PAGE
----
Saturday, December 02, 2017 by Frances Bloomfield
Fenoprop, also known as 2-(2,4,5-trichlorophenoxy) propionic acid, is a herbicide and plant growth regulator commonly used on woody plants and broad-leaf weeds. It is used as industrial, commercial, and agricultural herbicide for rice, sugarcane, maize, orchards, pasture, rangeland, lawns, turf, and aquatic areas. Though once widely used in the U.S. or industrial, commercial, and agricultural purposes, it’s since been banned from use in 1985 due to the various health risks associated with this chemical.
Fenoprop is a chlorophenoxy compound, so its use can increase the risk of chlorophenoxy compound poisoning. The symptoms of this condition include:
Inhaling fenoprop can be particularly dangerous. Apart from irritating the respiratory tract, fenoprop has been known to cause dizziness, coughing, burning sensations in the chest and nasopharynx, and incoordination.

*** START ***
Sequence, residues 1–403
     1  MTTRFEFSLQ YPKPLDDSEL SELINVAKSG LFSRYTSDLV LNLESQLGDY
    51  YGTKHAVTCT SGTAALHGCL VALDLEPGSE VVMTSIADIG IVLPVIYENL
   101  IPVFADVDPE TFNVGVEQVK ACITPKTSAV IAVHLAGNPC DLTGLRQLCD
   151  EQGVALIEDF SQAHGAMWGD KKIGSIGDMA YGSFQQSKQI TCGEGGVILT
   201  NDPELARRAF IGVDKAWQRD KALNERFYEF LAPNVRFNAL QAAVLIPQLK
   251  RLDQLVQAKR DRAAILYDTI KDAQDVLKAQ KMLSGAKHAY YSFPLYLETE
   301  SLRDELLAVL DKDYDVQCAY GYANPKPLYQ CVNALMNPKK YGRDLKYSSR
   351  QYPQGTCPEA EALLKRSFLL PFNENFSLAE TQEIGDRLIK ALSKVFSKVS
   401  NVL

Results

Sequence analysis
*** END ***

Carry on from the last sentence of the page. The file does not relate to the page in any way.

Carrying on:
Fenoprop is just as harmful when swallowed. The ingestion of large amounts of fenoprop have been known to cause:
Moreover, fenoprop can irritate the eyes and skin with direct contact. Prolonged or repeated exposure increase the risk of corneal injury.
Fenoprop is an irritant of the skin, eyes, and respiratory tract. It can be harmful to the liver and kidneys as well.
According to the Pesticide Properties DataBase, fenoprop can be found in a number of herbicides and has been marketed under a number of different brand names and synonyms. These include:
Additionally, the following companies are believed to have been involved in the manufacturing and supplying of this chemical historically or actively:
To prevent exposure to fenoprop, make it a point to wear the appropriate protective gear whenever handling this material. Chemical safety goggles, protective gloves, and respirators are recommended. For extra protection, keep fenoprop away from any sources of ignition or heat. These can cause fenoprop to emit gases containing carbon monoxide and carbon dioxide.
Fenoprop is an herbicide that can be particularly dangerous when inhaled or ingested. Either can cause an individual to experience a wide array of symptoms, including but not limited to nausea, vomiting, fever, and increased heart rate. Fenoprop can irritate the skin and eyes too, and can cause liver and kidney damage over a certain period of time.
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